Half way around the world, I’m walking a long winding road uphill in a small village in Norway. I’m visiting a brother and THOUGHT I was eager to see the countryside. Suddenly, after a mile or so, the road ends. Thank God I say to myself. What a beautiful hike, but boy was it steep! That’s when he points up. “Only 400 meters more!”
I won’t get too far into the pain that ensued, or the silent complaining and second guessing I was doing, but suffice it to say, the path was twice as steep and winding, and there wasn’t a cloud in the sky nor shade to be found.
When I finally thought that my legs couldn’t hurt, my lungs couldn’t burn, and my feet couldn’t ache any more, we were there! And let me tell you brothers and sisters: it was so worth it!
As we took a break atop this hill side, 579 meters up, my feet no longer ached. My lungs didn’t burn. My legs didn’t hurt. I was able to look down on everything that I had just went through.
That’s when it hit me. There was meaning in all this!!!
The road is the journey we all go on. Sometimes easy, Sometimes uphill, sometimes very steep! in those moments during our hike, it reminded me of the trials I had been through searching for meaning, wondering why my life felt so f#^}ed. When my body began to rebel, I just wanted to turn around; to walk back. To quit.
When my brother Pointed up higher, I was sure I couldn’t go on. That’s when the gut check kicked in. This moment I equate to realizing I could t do it all by myself. I looked for guidance. I followed his lead.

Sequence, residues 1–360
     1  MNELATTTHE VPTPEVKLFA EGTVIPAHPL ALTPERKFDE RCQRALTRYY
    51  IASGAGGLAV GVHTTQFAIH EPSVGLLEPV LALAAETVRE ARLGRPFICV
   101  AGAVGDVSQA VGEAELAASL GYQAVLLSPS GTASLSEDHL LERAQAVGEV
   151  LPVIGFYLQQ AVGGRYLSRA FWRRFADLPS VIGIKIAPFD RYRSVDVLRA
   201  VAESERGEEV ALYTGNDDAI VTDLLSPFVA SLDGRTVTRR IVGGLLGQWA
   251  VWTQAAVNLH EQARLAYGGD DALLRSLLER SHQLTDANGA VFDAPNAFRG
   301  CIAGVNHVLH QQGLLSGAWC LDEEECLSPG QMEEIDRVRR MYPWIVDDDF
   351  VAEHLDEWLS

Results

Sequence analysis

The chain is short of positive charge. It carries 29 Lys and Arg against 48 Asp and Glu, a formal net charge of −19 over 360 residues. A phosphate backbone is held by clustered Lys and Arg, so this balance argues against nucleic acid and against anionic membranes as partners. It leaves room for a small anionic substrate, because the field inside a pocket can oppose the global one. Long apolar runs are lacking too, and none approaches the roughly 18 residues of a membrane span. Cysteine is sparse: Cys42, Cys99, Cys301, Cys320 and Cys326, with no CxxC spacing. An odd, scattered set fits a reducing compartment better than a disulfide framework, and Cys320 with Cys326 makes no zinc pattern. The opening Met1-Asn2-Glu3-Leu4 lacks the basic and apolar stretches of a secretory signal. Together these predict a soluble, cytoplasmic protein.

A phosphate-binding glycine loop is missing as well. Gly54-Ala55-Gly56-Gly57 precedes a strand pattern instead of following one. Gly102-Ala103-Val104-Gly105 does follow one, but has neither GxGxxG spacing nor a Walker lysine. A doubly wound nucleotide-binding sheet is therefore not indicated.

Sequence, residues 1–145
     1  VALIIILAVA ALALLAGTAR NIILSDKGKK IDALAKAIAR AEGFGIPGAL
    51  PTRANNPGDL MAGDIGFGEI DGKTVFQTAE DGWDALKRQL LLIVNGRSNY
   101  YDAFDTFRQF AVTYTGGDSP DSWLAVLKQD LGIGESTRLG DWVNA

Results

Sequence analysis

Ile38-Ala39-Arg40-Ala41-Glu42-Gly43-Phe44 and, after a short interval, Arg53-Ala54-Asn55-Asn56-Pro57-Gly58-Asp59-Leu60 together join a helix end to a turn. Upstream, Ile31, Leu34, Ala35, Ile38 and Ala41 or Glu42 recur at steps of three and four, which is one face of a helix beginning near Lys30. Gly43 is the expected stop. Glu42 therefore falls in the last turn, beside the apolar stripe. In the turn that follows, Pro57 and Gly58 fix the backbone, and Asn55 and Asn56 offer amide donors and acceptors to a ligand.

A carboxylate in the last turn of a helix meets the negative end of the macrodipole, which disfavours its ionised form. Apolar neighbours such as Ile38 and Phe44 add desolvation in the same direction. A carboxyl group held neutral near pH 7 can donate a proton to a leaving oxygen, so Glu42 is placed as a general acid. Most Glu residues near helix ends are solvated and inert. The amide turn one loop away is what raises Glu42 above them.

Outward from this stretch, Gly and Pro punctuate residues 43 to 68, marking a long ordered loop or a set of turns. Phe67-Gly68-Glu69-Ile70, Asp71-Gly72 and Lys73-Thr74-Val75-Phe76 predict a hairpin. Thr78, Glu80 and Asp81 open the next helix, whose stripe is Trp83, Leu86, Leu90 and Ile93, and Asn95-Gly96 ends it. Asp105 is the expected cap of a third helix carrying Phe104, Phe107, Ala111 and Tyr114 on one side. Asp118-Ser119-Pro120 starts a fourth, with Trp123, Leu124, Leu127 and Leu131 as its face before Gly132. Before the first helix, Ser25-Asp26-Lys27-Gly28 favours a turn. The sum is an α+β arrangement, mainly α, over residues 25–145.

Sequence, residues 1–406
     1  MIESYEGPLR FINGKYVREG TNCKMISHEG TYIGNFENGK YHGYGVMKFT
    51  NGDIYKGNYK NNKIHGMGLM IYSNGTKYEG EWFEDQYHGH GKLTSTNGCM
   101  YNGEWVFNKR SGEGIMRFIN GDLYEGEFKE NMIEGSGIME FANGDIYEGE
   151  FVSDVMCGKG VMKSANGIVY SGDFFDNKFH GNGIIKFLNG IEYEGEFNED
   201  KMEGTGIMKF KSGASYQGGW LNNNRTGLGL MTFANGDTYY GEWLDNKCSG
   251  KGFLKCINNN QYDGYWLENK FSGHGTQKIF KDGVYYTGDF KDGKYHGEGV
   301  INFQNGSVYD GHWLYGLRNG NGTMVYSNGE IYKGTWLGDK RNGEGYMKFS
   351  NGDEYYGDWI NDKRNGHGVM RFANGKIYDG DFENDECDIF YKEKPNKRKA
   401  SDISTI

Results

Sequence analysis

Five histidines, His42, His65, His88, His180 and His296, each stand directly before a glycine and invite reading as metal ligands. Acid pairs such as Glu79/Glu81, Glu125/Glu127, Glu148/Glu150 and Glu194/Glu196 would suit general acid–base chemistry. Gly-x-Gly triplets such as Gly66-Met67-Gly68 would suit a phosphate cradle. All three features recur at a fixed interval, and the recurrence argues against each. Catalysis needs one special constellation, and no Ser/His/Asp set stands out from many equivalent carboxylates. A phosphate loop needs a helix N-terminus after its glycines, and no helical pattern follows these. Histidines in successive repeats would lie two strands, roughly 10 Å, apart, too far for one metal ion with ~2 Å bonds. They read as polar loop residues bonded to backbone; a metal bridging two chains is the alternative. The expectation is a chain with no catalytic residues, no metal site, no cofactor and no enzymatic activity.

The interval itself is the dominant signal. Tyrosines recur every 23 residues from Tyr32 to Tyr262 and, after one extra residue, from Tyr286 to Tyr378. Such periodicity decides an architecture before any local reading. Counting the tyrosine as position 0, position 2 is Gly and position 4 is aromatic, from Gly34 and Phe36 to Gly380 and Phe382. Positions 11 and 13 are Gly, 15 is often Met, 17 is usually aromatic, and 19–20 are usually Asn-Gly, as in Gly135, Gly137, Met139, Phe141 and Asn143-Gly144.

That’s when the road got tougher. Having someone to walk with, to cheer me on, and guide me made it seem bearable despite the pain.
Once we reached the top, I was able to look back on all the hard times I had just survived. There was definitely a beauty in it. Not just because of the view in front of me, but because I survived it! I was able to see the journey for what it was. We had reached the top and I felt literally and figuratively on top of the world.
I saw all the spots that caused me trouble and pain. They seemed so small and insignificant in the end. Even so, without them, I wouldn’t have got to where I was now standing.
We decided to hike another 10 miles that day, mostly on the plateau of our high, but also with more ups and downs. By this time I didn’t care. I learned that one destination is not the end. It’s only proof. I had survived the long road to the top; I did it both in my head and on my feet. From here on out I wouldn’t let a steep path stand in my way. I could do it!
The road is long, but oh, so worth it